Rogers Communications Inc. wants more time to implement new rules that outline how wireless providers must alert customers that exceed data or roaming caps, arguing it’s impossible to make the changes by the Dec. 1 deadline.
Canada’s largest wireless provider applied to the federal telecom regulator last week for a six-month extension to comply with the Canadian Radio-television and Telecommunications Commission’s updated wireless code, which seeks to limit unexpected overage charges and banned device unlocking fees.
In June, the CRTC updated the code to clarify overage rules for shared plans, which were facing complaints from parents shocked that their teens had consented to massive data overage fees. The original code, which also killed three-year contracts, limited data and roaming overage fees to $50 and $100 per month, respectively, unless if a user consented to pay more.[amazon_link asins=’B00S6JISMY,B076GXN94Y,B0163XAWHI,B013VQUOIC,B073YDQF52,B0189LO322′ template=’ProductCarousel’ store=’alert0b-20′ marketplace=’US’ link_id=’a55a35bf-c93d-11e7-b19d-5fd58e04a171′]
The new code stipulates the account holder, not the device holder, must consent to additional overage fees, which apply per account, not per device. Device holders can only consent to extra fees if the account holder explicitly gives them permission.
While Rogers “appreciates the spirit” of the changes and will implement most of them immediately, including the elimination of device unlocking fees, it said it does not have enough time to update billing systems to fully comply with overage notifications. It asked for an extension until May 31, 2018.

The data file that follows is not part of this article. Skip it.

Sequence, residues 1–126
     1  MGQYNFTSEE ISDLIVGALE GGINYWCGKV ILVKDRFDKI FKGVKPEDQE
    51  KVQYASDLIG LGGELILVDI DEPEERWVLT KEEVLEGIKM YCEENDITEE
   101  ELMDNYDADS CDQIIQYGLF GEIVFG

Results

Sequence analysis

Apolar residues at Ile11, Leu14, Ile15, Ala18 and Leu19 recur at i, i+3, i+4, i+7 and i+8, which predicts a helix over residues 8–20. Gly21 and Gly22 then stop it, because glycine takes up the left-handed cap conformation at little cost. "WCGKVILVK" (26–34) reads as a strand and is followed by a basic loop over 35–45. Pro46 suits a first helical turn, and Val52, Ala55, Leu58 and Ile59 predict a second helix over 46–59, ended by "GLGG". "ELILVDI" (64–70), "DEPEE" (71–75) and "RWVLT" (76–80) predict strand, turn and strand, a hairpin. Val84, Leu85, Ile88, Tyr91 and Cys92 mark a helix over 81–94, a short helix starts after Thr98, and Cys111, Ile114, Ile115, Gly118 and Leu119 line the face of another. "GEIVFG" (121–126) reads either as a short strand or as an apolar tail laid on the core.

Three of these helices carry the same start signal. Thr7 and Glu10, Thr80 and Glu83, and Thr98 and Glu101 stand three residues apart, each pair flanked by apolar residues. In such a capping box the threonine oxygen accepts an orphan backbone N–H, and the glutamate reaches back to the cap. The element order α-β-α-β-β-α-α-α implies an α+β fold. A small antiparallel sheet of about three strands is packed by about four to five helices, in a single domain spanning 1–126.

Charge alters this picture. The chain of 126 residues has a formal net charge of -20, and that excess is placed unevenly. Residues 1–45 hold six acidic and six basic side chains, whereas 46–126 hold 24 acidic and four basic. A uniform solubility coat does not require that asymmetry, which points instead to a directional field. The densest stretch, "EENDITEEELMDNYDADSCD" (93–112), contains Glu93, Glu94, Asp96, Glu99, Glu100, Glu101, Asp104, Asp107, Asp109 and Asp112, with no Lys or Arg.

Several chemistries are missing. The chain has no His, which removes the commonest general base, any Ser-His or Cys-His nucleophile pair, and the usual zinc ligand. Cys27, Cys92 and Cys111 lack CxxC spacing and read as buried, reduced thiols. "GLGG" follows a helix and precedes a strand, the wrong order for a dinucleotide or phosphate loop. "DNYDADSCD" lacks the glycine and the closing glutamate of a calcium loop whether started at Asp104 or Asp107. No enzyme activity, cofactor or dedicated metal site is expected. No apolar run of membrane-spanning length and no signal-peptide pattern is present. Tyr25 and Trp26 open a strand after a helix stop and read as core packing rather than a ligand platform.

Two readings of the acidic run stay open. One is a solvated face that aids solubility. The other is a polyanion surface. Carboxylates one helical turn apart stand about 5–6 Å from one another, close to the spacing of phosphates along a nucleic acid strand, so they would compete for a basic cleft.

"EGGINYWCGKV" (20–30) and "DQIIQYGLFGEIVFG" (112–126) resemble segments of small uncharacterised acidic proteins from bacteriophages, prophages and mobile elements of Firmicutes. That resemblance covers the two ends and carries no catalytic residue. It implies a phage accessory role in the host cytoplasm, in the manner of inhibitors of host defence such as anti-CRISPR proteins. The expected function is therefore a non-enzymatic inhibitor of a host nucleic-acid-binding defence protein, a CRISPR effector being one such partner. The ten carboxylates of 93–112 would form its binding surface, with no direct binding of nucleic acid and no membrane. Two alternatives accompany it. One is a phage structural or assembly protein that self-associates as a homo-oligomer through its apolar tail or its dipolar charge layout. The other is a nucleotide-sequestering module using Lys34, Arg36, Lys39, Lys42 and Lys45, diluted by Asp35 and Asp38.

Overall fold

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At issue is how it will deal with accounts that include single plans and shared plans. Rogers’ application stated that its systems are not sophisticated enough to accommodate multiple data buckets. It’s upgrading its systems to do so, and building a self-serve system for customers to manage which users can consent to overage fees.
The new rules also require wireless providers to include data top-ups in the $50 data cap and pay-per-use travel packs in the $100 roaming cap. But Rogers’ system treats top-ups and travel packs completely separately from overage. Since it cannot predict how many customers may roam in any given month, it would have to manually monitor all 10 million subscribers to meet this requirement.
“Not only would this require a crippling amount of resource and manpower at the busiest time of the year, it would delay bills being sent to customers,” its application stated.
Rogers said it will be able to apply the new rules to all but a small proportion of customers, but it did not reveal how many. It will credit any customer who receives data charges that exceed the new data caps, it said, although customers will have to pay close attention to see if their bills are affected.
“We appreciate that the provisions related to bill management are central to increased consumer protection from unintended data charges and we are committed to complying with them,” Rogers application stated.
The CRTC expedited its application, although it did not promise to make a decision by Dec. 1.
BCE Inc.’s Bell Mobility is still in the process of implementing changes to its systems as well, a spokesman said in an email. Bell supports Rogers application. Source